“Become an observer of the currents of thought that flow through your consciousness. Just like someone sitting by the side of a river watching the river flow by, sit by the side of your mind and watch…. Don’t do anything, don’t interfere, don’t stop them in any way. Don’t repress in any way. If there is a thought coming don’t stop it, if it is not coming don’t try to force it to come. You are simply to be an observer….
“In that simple observation you will see and experience that your thoughts and you are separate – because you can see that the one who is watching the thoughts is separate from the the thoughts, different from them…
“And if you become aware that you are not your thoughts, the life of these thoughts will begin to grow weaker, they will begin to become more and more lifeless. The power of your thoughts lies in the fact that you think they are yours.”
The question is, how can we practice “observing the mind?”
Here’s a great video of Eckhart Tolle describing how to let go of thoughts by observing the body and our senses:
In this video, Eckhart Tolle explains what to do when you feel like you have a hyperactive mind.
Here are the 6 steps he mentions:
- First of all, refrain from giving too much input to your mind. You can do this especially in conversation with others.
- When you’re talking to someone, try to listen 80% of the time and speak only 20% of the time.
- While you’re listening, feel the inner body.
- One way to do this is to be aware of the energy you feel in your hands. If possible, try to also feel the energy in your feet.
- Feel the aliveness in your body while also listening to what the person you’re speaking to has to say.
- This helps you to be more aware of your body and the information you’re receiving, as opposed to what you’re thinking about.
You don’t need to be perfect at this. It’s enough to give it a try and be aware of your body.
You could also try going out into nature and being more aware of your other senses, such as hearing and your smell.
5) Learn the art of reframing
When overthinking gets the better of us, it can usually involve negative self-talk.
Every time you allow this inner dialogue to take shape, it just becomes stronger and more limiting.
But as we all know, when these cycles begin to take shape, it can be tough to figure out how to break it.
This is actually similar to the mindfulness technique of your observing your mind and watching your thoughts.
Here is a 6 step process that has helped me to reframe my negativity into something more positive when I talk to myself:
- The first step is to begin consciously identifying the type of inner dialogue or language you use daily. We all have one. What’s yours?
- Starting noticing when you’re using negative words or phrases. Just make a note of them. Perhaps you can use a journal for this.
- Now it’s time to pay attention to the times you use them again. What situations are causing you to be negative?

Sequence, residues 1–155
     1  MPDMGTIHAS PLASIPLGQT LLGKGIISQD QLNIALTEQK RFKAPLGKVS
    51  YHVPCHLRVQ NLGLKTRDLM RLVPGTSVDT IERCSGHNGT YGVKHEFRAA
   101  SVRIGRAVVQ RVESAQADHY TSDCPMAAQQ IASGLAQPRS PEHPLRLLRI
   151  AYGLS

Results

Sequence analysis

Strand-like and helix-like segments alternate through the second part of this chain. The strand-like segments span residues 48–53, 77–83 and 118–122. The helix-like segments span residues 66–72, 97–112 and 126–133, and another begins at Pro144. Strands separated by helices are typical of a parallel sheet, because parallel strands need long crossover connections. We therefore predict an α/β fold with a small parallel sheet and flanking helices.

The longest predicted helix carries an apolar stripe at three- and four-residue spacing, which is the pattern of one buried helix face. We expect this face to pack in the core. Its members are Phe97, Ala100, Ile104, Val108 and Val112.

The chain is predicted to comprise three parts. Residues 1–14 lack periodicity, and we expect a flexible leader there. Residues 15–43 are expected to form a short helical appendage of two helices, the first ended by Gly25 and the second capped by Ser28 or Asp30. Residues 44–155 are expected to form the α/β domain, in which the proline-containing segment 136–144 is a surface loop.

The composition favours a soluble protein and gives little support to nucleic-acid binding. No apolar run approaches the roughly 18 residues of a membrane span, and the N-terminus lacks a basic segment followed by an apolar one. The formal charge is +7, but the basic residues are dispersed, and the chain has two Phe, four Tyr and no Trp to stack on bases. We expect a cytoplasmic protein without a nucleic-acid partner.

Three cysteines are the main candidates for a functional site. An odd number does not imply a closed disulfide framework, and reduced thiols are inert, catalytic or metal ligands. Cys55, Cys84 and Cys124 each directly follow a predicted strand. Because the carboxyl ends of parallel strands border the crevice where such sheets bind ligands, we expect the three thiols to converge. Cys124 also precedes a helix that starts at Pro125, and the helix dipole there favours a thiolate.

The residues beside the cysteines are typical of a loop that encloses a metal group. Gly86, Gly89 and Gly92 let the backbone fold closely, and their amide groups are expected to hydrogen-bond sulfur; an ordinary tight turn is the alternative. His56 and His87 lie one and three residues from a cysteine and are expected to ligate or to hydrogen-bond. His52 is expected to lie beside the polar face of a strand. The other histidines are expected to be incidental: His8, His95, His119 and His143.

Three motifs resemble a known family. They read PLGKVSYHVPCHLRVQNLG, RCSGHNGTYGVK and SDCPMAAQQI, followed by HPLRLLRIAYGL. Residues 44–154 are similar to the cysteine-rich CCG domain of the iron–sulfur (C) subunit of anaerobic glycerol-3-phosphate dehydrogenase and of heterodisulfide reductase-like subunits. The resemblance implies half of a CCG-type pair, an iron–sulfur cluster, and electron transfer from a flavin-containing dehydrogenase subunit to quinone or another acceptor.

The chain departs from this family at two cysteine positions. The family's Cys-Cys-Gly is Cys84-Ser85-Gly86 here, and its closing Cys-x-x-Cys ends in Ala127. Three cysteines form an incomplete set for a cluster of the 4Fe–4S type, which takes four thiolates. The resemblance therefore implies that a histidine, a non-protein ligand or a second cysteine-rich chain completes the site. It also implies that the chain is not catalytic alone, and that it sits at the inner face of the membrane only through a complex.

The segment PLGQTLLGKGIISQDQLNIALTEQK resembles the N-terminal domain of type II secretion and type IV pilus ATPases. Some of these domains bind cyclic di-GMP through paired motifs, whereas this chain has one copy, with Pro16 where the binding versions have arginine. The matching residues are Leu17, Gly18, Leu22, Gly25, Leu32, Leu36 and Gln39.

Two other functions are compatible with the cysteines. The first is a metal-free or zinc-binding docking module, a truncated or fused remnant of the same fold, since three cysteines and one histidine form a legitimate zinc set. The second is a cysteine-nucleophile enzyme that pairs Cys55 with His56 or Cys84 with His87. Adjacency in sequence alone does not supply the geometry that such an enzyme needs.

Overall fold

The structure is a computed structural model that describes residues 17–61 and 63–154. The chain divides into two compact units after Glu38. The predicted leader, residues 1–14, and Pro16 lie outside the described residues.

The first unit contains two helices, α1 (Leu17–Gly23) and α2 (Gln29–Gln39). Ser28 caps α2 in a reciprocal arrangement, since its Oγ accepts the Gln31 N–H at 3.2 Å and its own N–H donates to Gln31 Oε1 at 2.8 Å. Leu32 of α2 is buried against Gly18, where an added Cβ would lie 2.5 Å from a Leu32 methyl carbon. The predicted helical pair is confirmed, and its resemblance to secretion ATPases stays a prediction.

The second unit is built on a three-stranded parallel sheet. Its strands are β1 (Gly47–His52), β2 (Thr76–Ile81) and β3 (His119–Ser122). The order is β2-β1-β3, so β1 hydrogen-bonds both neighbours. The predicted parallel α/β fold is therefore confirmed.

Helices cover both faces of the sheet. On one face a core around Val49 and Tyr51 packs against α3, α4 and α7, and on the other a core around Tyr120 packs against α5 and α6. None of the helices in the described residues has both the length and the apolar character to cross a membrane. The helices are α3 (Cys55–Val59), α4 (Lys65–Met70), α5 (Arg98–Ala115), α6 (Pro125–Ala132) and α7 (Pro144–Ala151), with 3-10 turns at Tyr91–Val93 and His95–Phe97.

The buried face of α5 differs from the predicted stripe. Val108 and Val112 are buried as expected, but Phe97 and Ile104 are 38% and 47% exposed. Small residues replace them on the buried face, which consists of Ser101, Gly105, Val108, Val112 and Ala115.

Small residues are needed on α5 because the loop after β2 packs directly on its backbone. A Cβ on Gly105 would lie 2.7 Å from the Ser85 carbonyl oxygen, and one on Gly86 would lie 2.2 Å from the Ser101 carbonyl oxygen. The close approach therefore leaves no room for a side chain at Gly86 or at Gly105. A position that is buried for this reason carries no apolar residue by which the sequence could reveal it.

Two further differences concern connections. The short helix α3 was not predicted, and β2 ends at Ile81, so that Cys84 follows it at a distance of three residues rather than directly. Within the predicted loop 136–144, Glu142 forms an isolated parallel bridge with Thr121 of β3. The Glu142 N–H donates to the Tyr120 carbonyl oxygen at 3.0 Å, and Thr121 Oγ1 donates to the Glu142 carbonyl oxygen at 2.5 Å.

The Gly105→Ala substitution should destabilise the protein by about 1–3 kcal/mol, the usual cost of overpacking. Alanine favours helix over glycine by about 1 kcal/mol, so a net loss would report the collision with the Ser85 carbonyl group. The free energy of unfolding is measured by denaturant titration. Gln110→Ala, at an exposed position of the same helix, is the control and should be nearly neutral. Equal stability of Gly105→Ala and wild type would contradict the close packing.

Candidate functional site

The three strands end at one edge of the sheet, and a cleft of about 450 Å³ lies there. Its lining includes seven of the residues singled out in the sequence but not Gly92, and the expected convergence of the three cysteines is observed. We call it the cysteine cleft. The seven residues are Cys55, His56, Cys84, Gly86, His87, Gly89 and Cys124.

- Note what you’re feeling, what time of day it is and where you are.
- When you notice yourself saying something negative in your mind, you can stop your thought by saying “Stop!”. This alone is powerful and will make you aware of how many times you are thinking negatively.
- Now dig deep inside yourself and ask yourself if your assumptions are true.
Are you assuming something is negative when maybe it isn’t? Is there actual evidence that backs up your assumptions?
For example, if you’re telling yourself that you can’t handle something, perhaps you should ask yourself if you can handle it.
The second thought feels more hopeful and leads to more creativity.
By challenging your thoughts and generalizations – you’re helping yourself to see that they might be irrational and that it’s more useful to think optimistically.
6) Start being more optimistic and positive
Instead of focusing on what can go wrong, start making a list of all the things that could go right.
When you focus on the positive, good things start to happen.
When you focus on the negative, you focus on everything that is wrong and lose sight of opportunity and possibility.
Here’s a brilliant quote from Ernest Agyemang Yeboah, author of Distinctive Footprints of Life.
“If you think the world is full of darkness, let us see your light. If you think the world is full of wickedness, let us see your goodness. If you think people are acting wrongly, let us see your right action. If you think people don’t know, let us see what you know. If you think the world is full of uncaring people let us see how you care about people. If you think life is not being fair to you, let us see how you can be fair to life. If you think people are proud, let us see your humility. We can easily find fault and we can easily see what is wrong but a positive attitude backed by a right action in a true direction is all we need to survive in peace and harmony in the arena of life.”
7) Practice gratitude
A great practice to undertake is to be more grateful.
To become more grateful, an effective technique that’s helped me is to reflect on your day before you go to sleep and think of 3 positive things that happened that day.
Whether it’s a great workout, a friend buying you a coffee, or a phone call with your parents, just scan your day and write down what you appreciated. Even the smallest things are worth writing down.
In fact, a white paper by the Greater Good Science Center at UC Berkely says that people who consciously count what they’re grateful may have better physical and mental health:
“Research suggests that gratitude may be associated with many benefits for individuals, including better physical and psychological health, increased happiness and life satisfaction, decreased materialism, and more.”